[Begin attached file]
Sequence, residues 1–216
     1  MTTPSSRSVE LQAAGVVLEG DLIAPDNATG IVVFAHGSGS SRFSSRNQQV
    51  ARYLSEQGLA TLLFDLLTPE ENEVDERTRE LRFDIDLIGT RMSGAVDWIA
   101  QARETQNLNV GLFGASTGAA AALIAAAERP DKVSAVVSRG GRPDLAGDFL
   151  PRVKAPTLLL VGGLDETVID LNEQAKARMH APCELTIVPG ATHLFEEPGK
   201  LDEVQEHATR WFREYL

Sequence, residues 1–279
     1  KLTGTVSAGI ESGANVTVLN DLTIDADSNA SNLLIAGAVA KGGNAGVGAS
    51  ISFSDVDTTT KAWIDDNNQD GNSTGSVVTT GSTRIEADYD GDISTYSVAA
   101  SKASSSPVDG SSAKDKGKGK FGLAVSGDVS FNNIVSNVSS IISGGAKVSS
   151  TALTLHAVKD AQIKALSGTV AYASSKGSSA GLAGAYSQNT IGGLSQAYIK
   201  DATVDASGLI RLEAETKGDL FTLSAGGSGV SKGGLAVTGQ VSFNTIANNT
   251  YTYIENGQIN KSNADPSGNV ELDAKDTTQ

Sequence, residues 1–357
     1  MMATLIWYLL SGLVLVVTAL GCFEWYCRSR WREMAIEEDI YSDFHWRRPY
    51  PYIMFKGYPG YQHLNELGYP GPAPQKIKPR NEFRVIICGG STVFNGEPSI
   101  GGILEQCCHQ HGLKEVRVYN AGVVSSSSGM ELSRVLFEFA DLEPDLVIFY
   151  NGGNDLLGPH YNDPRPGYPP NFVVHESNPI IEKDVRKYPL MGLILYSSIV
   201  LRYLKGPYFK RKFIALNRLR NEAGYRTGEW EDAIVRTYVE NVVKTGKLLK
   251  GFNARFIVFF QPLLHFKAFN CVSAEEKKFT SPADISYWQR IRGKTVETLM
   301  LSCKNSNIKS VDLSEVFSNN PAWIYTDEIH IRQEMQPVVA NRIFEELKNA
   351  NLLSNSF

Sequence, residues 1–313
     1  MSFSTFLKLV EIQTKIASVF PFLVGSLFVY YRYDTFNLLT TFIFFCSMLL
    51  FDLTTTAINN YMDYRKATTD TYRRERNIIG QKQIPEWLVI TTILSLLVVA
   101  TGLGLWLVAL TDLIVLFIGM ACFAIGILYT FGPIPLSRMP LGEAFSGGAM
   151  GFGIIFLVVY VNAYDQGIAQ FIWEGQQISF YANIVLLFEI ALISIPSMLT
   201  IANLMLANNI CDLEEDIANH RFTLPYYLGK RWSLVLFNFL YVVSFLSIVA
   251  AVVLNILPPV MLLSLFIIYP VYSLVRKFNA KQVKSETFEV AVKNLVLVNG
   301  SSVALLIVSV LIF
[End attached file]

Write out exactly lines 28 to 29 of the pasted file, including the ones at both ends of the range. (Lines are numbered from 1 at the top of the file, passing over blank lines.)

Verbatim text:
   201  IANLMLANNI CDLEEDIANH RFTLPYYLGK RWSLVLFNFL YVVSFLSIVA
   251  AVVLNILPPV MLLSLFIIYP VYSLVRKFNA KQVKSETFEV AVKNLVLVNG